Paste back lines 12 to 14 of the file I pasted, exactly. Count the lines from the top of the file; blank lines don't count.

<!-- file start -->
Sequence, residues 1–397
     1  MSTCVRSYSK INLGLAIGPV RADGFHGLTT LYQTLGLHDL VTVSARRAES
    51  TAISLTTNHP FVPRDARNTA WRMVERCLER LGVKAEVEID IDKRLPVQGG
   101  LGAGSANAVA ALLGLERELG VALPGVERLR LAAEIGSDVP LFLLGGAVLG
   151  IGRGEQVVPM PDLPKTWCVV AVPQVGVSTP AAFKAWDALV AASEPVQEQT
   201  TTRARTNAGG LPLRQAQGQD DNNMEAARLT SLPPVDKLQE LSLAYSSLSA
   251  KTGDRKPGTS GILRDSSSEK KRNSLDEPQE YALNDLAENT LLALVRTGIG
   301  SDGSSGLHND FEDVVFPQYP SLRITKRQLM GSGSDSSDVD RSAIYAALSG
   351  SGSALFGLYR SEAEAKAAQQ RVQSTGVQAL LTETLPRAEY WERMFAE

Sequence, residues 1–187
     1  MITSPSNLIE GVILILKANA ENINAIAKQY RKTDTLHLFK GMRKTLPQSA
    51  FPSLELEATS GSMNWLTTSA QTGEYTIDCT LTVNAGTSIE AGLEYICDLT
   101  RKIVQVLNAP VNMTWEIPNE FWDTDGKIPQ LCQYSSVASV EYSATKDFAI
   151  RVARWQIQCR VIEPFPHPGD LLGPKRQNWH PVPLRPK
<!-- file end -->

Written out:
    51  FPSLELEATS GSMNWLTTSA QTGEYTIDCT LTVNAGTSIE AGLEYICDLT
   101  RKIVQVLNAP VNMTWEIPNE FWDTDGKIPQ LCQYSSVASV EYSATKDFAI
   151  RVARWQIQCR VIEPFPHPGD LLGPKRQNWH PVPLRPK